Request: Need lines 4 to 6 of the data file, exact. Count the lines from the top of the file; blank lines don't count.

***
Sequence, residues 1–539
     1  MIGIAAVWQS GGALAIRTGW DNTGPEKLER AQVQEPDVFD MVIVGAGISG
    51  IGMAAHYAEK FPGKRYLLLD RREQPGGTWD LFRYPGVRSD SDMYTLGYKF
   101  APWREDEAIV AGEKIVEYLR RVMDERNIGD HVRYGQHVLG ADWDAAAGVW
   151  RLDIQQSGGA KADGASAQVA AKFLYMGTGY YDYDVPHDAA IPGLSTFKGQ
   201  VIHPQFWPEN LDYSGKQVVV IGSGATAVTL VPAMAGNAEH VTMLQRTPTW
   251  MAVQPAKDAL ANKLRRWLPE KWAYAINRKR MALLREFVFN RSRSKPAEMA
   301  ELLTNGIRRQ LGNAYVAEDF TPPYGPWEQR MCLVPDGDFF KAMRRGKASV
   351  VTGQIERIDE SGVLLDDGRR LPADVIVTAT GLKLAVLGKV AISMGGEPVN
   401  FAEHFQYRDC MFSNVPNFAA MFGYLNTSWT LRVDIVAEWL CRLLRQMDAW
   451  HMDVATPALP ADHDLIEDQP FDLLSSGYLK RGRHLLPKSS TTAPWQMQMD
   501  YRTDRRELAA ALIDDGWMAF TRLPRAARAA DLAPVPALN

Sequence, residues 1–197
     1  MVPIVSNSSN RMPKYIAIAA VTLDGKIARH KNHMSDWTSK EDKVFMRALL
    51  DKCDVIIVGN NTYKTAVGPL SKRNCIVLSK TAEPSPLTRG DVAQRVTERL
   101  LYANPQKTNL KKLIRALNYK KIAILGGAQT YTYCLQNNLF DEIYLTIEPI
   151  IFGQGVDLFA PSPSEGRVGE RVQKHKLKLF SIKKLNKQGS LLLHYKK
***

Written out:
   101  APWREDEAIV AGEKIVEYLR RVMDERNIGD HVRYGQHVLG ADWDAAAGVW
   151  RLDIQQSGGA KADGASAQVA AKFLYMGTGY YDYDVPHDAA IPGLSTFKGQ
   201  VIHPQFWPEN LDYSGKQVVV IGSGATAVTL VPAMAGNAEH VTMLQRTPTW